Marine Biology

, 164:171 | Cite as

Diet specialization in a colonial seabird studied using three complementary dietary techniques: effects of intrinsic and extrinsic factors

  • Maëlle ConnanEmail author
  • Bo T. Bonnevie
  • Christina Hagen
  • Carl D. van der Lingen
  • Christopher McQuaid
Original paper


The breeding period has a critical influence on the trophic ecology of seabirds because of the energetic costs of egg production for females, the need to return regularly to the nest to provision chicks, the combined energetic demands of adults and chicks, and potential intraspecific competition if resources around the colony are scarce. The present study combined three dietary methods to investigate if and how these intrinsic and extrinsic factors influenced diet specialization in a colonially breeding seabird, the Cape gannet Morus capensis. The diet of this species was studied from November 2009 to October 2010 at the species’ largest colony at Bird Island, Algoa Bay (33°50′S, 026°17′E; South Africa). Potential prey species were sampled concurrently and dietary tracers (stable isotopes and fatty acids) were analysed. Stomach content and carbon and nitrogen stable isotope analyses indicated that adults relied heavily all year round on small pelagic fish (anchovy and sardine), with prey species composition and individual prey size changing with season, probably reflecting prey biology. Dietary tracers did not show any differences between adult and chick diets. Subtle differences were found between stable isotope values of adult males and females but these were not supported by a Bayesian mixing model. In contrast, differences between the sexes were highlighted in blood fatty acids. The combined results suggest that these were probably related to the cost of egg production rather than to inter-sex differences in diet. Individual diet specialization was observed using stable isotopes in adults. Altogether this dataset indicates the importance of combining complementary methods to understand multiple facets of seabirds’ trophic ecology, and highlights interactions with fisheries that require future monitoring.



The authors would like to thank George Kant from the Department of Agriculture, Forestry and Fisheries who assisted with the collection of fish samples, Jenny Booth and David Grémillet for their help during fieldwork, Rob Crawford for the updated Cape gannet population counts, and the South African National Parks for facilitating the research on Bird Island. Fatty acid analyses were conducted in the Fatty Acid Facility at Rhodes University funded through the National Research Foundation. Stable isotope analyses were conducted by Ian Newton under the supervision of John Lanham at the Stable Light Isotope Laboratory, University of Cape Town. This work is based on the research supported by the South African Research Chairs Initiative of the Department of Science and Technology and the National Research Foundation. This work was undertaken under an ethics permit granted by Rhodes University. The authors would like to thank the two anonymous reviewers for their constructive comments which greatly improved the manuscript.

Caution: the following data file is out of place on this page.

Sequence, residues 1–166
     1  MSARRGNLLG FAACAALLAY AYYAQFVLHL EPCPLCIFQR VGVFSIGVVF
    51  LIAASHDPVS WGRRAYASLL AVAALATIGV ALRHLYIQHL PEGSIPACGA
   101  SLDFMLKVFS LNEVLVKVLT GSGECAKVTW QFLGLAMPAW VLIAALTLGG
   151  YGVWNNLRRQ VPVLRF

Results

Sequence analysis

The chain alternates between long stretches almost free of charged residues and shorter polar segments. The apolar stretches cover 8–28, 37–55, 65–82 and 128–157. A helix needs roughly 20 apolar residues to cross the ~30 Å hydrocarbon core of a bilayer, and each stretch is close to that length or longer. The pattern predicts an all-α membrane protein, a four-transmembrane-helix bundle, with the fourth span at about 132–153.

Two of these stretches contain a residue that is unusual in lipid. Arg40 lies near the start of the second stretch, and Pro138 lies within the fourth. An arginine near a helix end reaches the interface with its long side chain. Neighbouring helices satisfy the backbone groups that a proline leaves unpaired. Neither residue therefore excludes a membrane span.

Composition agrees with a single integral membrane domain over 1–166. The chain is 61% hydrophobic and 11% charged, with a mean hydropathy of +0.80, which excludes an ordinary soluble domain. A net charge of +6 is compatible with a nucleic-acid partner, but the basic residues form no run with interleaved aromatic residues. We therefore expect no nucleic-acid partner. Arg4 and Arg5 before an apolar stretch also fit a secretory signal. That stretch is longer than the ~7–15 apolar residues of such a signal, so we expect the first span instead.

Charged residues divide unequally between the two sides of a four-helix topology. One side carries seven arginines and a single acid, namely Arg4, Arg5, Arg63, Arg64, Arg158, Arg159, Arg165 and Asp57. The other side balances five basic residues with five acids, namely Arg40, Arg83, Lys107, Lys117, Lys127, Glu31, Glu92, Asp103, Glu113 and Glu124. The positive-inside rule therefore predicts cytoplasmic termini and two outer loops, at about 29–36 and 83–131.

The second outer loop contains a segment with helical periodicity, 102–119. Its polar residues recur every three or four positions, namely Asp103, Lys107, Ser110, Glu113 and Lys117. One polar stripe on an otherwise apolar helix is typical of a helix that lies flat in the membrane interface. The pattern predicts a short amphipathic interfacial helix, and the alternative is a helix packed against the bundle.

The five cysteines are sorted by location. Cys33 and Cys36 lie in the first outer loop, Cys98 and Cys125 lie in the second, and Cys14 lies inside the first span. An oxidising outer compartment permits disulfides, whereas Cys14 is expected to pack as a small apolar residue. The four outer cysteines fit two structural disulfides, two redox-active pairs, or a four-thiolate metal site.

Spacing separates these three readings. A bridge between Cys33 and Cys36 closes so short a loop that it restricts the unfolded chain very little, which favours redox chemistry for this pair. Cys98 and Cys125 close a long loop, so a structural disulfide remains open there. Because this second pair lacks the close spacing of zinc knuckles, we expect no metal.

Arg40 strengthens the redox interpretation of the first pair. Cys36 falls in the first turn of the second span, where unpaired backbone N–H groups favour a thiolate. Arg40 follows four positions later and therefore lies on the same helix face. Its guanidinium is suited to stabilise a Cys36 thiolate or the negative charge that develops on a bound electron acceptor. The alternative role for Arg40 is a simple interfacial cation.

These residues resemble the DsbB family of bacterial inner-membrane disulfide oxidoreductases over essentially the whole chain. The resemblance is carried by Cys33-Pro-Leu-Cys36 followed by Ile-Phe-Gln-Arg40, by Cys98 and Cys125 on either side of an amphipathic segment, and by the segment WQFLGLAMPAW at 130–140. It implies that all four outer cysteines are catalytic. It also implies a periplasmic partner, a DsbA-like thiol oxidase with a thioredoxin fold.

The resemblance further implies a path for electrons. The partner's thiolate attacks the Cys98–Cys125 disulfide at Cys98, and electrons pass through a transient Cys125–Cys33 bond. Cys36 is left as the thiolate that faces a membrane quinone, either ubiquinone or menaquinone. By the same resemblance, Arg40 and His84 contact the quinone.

Compliance with ethical standards

Conflict of interest

The authors declare that there is no conflict of interest and that consent was obtained from all parties.

Ethical approval

All work on Cape gannets was performed under permits issued by the Ethic committee from Rhodes University and South African National Parks (CONM746).

Supplementary material

227_2017_3201_MOESM1_ESM.pdf (450 kb)
Supplementary material 1 (PDF 451 kb)


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Copyright information

© Springer-Verlag GmbH Germany 2017

Authors and Affiliations

  1. 1.Department of Zoology and EntomologyRhodes UniversityGrahamstownSouth Africa
  2. 2.Department of ZoologyNelson Mandela UniversityPort ElizabethSouth Africa
  3. 3.Percy FitzPatrick Institute of African Ornithology, DST-NRF Centre of ExcellenceUniversity of Cape TownCape TownSouth Africa
  4. 4.Seabird Conservation ProgrammeBirdLife South AfricaCape TownSouth Africa
  5. 5.Department of Agriculture, Forestry and Fisheries, Cape Town, South Africa; and Marine Research Institute and Department of Biological SciencesUniversity of Cape TownCape TownSouth Africa

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